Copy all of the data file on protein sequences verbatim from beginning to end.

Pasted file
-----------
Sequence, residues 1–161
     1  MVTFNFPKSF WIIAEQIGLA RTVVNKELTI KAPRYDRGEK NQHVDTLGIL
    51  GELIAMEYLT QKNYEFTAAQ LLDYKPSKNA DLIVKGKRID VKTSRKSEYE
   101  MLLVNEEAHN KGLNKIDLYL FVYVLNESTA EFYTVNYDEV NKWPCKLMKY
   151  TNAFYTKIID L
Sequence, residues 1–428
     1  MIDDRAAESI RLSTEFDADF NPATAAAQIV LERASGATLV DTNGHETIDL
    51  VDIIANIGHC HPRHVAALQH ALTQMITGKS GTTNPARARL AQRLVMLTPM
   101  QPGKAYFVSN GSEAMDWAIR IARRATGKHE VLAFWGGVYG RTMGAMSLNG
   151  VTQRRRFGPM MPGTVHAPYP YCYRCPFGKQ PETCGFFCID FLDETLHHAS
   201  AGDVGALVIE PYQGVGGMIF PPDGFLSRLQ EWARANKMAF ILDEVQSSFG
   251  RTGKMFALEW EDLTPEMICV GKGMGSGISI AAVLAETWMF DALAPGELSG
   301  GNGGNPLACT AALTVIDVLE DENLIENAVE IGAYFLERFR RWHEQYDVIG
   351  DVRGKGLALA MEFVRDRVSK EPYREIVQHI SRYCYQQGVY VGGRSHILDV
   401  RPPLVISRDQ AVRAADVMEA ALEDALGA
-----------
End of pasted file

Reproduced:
Sequence, residues 1–161
     1  MVTFNFPKSF WIIAEQIGLA RTVVNKELTI KAPRYDRGEK NQHVDTLGIL
    51  GELIAMEYLT QKNYEFTAAQ LLDYKPSKNA DLIVKGKRID VKTSRKSEYE
   101  MLLVNEEAHN KGLNKIDLYL FVYVLNESTA EFYTVNYDEV NKWPCKLMKY
   151  TNAFYTKIID L
Sequence, residues 1–428
     1  MIDDRAAESI RLSTEFDADF NPATAAAQIV LERASGATLV DTNGHETIDL
    51  VDIIANIGHC HPRHVAALQH ALTQMITGKS GTTNPARARL AQRLVMLTPM
   101  QPGKAYFVSN GSEAMDWAIR IARRATGKHE VLAFWGGVYG RTMGAMSLNG
   151  VTQRRRFGPM MPGTVHAPYP YCYRCPFGKQ PETCGFFCID FLDETLHHAS
   201  AGDVGALVIE PYQGVGGMIF PPDGFLSRLQ EWARANKMAF ILDEVQSSFG
   251  RTGKMFALEW EDLTPEMICV GKGMGSGISI AAVLAETWMF DALAPGELSG
   301  GNGGNPLACT AALTVIDVLE DENLIENAVE IGAYFLERFR RWHEQYDVIG
   351  DVRGKGLALA MEFVRDRVSK EPYREIVQHI SRYCYQQGVY VGGRSHILDV
   401  RPPLVISRDQ AVRAADVMEA ALEDALGA